Then during the Civil War, Abraham Lincoln proclaimed a national Thanksgiving Day to be celebrated the final Thursday of November in 1863. Lincoln was prompted to do this by editorials from Sarah Josepha Hale, a New England writer who is an interesting character herself. She also campaigned for the Bunker Hill Monument and is the author of "Mary Had A Little Lamb" in addition to many more serious works. She is widely regarded as the person most responsible for making Thanksgiving a national holiday. Before that time, it was celebrated mainly in New England.
The idea of setting aside a day to give thanks was not new to either the English settlers or the Native Americans in 1621. Both had long celebrated their own forms of thanksgiving. Native people celebrated many different thanksgiving days, such as "strawberry thanksgiving" and "green corn thanksgiving". The English had their own Harvest Home celebrations, and the pilgrims were used to setting aside a day to give thanks when it seemed appropriate. In 1621, the pilgrims' first autumn feast in the New World was in thanksgiving for the plentiful harvest after that first terrible winter, when death claimed half of their number.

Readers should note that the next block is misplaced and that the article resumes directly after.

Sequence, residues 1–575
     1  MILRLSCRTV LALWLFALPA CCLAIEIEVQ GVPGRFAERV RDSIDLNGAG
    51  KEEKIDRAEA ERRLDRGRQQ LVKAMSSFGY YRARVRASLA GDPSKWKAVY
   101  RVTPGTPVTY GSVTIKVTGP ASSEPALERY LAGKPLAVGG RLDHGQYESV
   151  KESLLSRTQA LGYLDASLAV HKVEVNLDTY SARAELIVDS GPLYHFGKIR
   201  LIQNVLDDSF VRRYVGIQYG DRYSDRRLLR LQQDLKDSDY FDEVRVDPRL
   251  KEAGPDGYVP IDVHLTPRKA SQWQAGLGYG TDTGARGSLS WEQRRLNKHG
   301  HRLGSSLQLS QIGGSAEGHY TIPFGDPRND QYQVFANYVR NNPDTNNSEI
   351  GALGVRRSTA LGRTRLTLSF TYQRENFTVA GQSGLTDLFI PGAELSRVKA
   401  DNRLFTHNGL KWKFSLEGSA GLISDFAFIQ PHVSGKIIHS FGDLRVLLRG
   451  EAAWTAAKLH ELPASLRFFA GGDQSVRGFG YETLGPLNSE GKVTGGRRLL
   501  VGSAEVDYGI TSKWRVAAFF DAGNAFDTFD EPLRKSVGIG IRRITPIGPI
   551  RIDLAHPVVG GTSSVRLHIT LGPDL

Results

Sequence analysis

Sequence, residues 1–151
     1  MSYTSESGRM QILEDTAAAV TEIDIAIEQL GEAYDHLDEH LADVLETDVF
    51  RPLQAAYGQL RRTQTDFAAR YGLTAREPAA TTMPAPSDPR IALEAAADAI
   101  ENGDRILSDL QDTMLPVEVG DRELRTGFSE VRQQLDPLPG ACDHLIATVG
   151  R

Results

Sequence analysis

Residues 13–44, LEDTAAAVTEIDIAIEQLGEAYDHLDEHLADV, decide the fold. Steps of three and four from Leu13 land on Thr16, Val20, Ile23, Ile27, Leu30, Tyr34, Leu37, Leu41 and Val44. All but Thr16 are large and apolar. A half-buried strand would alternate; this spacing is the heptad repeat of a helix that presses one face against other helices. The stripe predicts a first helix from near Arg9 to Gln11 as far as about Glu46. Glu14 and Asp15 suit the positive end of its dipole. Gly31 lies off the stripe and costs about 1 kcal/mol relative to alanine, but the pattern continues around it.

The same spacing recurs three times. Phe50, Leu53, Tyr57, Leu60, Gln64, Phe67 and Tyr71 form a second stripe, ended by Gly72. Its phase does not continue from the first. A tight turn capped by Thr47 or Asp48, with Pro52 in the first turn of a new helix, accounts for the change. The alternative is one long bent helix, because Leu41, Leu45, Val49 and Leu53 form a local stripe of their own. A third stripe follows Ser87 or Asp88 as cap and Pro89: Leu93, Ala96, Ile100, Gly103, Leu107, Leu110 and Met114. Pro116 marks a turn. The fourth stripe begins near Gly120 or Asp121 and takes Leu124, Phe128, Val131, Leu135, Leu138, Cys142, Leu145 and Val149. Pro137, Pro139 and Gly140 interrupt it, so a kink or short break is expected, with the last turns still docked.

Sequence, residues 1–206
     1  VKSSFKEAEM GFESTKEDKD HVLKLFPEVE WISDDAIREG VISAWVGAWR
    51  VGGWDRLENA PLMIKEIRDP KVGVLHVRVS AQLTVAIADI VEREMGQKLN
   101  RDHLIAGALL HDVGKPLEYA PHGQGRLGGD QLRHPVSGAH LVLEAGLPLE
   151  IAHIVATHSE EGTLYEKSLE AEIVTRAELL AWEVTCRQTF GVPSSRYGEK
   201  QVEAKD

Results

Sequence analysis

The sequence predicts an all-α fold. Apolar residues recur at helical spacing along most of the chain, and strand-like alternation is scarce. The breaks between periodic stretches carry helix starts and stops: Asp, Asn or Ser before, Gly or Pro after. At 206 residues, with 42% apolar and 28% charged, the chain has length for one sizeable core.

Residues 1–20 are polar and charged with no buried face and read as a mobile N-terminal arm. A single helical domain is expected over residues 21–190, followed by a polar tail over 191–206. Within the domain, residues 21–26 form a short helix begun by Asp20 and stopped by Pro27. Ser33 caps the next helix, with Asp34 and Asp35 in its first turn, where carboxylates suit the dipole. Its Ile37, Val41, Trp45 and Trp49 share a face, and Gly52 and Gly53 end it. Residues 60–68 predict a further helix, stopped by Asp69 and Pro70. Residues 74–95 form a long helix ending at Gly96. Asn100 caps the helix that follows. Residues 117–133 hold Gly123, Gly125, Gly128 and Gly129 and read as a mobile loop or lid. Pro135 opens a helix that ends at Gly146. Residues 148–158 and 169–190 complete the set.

Here is what Pilgrim Edward Winslow wrote about that first Thanksgiving: "Our harvest being gotten in, our governor sent four men out fowling, that we might after a more special manner rejoice together, after we had gathered the fruits of our labors. They four in one day killed as much fowl as, with a little help beside, served the Company almost a week. At which time, amongst other recreations, we exercised our arms, many of the Indians coming amongst us, and among the rest their greatest king Massasoit, with some 90 men, whom for three days we entertained and feasted, and they went out and killed five deer, which they brought to the plantation and bestowed on our governor, and upon the captain and others. And although it be not always so plentiful as it was at this time with us, yet by the goodness of God, we are so far from want that we often wish you partakers of our plenty."
Reliving Past Thanksgivings